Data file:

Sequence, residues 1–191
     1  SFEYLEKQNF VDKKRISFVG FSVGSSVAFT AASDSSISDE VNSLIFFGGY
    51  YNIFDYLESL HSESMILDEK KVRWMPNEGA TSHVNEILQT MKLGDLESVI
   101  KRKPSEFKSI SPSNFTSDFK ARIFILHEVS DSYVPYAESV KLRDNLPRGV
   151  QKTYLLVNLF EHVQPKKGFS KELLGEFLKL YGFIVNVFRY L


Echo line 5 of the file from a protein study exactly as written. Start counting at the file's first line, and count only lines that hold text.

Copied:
   151  QKTYLLVNLF EHVQPKKGFS KELLGEFLKL YGFIVNVFRY L